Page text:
Okay, here’s where I explain the loss of the seahorse.
Remember the seahorse?
When he started daycare, the seahorse went with him every day to help him go down at nap time.
Then, one Saturday a couple of months ago, Perfect Husband picked me up from work and told me that Owl was afraid of his seahorse.
“Don’t be silly,” I told him, “he fell asleep to it just last night – he just lay there and watched it until he drifted off, while I hummed in the rocking chair.”
“Well, he found it today and he brought it to me, so I turned it on for him, and he started to scream.”
“He must have just gotten a teething pain at that exact time. It must be a coincidence.”
To prove PH wrong, I turned on the seahorse and showed it to Owl when we got home that night.
…He took one look at his musical bedtime pal and burst into horrified, heartbroken tears, and ran off to find his Dada.
Monday afternoon, when I picked him up, Daycare Lady told me that Owl hadn’t slept. He kept standing up in his playpen an screaming in a heartbreaking manner which was entirely unlike him.
I couldn’t understand how he could have developed a fear of his seahorse literally over night, but it was looking more and more like this was, in fact, the case.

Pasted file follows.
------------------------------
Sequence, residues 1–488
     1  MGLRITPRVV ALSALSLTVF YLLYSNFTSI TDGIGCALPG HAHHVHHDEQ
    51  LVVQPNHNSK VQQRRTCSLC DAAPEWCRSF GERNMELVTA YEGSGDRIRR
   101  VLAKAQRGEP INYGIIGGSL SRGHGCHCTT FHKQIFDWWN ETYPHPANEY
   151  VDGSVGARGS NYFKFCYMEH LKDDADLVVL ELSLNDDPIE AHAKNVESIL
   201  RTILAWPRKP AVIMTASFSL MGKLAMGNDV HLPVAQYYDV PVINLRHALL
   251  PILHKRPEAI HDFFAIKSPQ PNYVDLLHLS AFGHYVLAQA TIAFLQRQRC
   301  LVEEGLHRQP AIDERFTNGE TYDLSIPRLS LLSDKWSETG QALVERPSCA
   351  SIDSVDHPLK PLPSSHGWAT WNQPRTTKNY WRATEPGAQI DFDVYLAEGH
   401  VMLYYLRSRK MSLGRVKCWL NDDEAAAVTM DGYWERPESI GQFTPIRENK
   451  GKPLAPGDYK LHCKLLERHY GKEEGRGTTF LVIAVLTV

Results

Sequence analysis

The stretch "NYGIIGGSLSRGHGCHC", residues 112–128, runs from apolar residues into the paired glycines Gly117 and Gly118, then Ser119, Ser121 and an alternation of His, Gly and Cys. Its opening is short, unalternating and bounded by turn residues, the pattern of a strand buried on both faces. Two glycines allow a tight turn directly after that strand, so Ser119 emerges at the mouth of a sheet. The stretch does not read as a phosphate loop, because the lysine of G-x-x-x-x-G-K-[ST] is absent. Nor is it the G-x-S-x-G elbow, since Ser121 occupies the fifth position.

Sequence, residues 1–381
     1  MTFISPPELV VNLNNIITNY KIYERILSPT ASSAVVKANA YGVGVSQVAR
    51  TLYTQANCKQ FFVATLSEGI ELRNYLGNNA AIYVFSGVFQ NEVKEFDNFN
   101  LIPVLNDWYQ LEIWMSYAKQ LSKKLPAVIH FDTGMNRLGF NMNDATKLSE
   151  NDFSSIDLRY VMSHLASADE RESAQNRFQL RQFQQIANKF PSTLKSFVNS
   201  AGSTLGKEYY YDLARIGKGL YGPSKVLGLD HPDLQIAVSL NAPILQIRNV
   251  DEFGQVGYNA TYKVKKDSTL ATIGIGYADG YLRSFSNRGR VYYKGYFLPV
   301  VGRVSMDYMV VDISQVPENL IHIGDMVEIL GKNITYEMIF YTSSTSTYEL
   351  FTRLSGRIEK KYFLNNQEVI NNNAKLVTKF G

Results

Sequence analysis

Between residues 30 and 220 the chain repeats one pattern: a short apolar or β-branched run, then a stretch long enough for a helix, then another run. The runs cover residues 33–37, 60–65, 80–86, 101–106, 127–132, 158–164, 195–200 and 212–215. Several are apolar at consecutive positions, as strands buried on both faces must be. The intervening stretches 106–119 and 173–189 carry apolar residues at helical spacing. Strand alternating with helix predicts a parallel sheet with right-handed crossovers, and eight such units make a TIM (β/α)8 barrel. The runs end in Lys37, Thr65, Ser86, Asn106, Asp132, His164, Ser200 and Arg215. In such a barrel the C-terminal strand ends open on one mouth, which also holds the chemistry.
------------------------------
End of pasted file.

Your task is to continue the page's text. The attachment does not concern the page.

I asked Daycare Lady if anything bad had happened to Owl with the seahorse – maybe another child had thrown it at him?
No, she didn’t think so. She checked with her helper lady, and helper lady hadn’t seen anything like that either.
In any case, the next day he went to daycare without the seahorse and slept fine.
So I put the seahorse aside for a while.
I miss the darn thing because now if I want Owl to go to sleep without being on the booba, I have to sing “Mama’s Going To Buy You A Mockingbird” over and over and over and over again. I have had a sore throat lately and this ISN’T HELPING.
Besides, the music is soothing and I missed that, too.
In our organizing stint last week I dug up good ole’ Glowy again, and I offered it to Owl. It had been months. Surely… whatever it was that upset him about it… was forgotten by now.
It started well.
He seemed happy to see it and reached for it. He even pressed the belly to turn it on.
Words cannot express the look of betrayal that crossed his face when the music began to play.
The crazy thing is, every time I turned it off, he’d go over to the thing and turn it back on.
(click the pictures for close-ups of the agony)
Suffice to say we’re baffled.